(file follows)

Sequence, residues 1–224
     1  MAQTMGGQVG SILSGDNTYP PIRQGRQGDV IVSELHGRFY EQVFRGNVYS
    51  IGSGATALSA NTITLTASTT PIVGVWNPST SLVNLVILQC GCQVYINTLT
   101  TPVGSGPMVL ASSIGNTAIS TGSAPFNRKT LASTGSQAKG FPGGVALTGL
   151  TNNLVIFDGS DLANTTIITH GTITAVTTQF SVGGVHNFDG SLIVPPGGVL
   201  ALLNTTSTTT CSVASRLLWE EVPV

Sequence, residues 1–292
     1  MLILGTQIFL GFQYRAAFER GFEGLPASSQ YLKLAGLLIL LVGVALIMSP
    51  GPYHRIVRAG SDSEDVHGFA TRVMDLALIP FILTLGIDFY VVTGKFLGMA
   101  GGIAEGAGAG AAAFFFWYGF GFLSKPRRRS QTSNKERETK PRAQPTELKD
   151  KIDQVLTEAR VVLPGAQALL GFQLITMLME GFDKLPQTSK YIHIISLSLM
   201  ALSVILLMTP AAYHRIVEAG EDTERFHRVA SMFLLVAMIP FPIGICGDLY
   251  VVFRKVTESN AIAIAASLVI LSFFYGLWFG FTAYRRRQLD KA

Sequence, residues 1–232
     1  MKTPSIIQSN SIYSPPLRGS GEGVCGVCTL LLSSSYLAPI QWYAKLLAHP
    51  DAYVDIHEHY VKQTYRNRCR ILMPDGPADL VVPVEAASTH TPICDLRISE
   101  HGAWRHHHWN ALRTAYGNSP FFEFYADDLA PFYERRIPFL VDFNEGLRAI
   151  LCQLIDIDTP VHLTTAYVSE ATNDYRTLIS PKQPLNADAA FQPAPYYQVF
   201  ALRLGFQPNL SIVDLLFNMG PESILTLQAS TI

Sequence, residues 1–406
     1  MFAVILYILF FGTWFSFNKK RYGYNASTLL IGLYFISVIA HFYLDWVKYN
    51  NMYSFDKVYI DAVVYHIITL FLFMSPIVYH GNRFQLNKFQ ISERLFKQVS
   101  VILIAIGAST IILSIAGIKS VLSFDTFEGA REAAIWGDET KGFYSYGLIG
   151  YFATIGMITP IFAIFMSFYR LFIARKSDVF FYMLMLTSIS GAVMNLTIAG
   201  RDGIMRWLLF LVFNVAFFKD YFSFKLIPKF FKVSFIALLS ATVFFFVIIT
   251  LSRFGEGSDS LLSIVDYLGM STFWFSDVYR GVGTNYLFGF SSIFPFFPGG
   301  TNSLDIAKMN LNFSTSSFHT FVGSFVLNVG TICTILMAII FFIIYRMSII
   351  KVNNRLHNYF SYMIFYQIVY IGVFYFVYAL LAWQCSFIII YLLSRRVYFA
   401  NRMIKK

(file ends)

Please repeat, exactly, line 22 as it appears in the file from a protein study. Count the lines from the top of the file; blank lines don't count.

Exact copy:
    51  NMYSFDKVYI DAVVYHIITL FLFMSPIVYH GNRFQLNKFQ ISERLFKQVS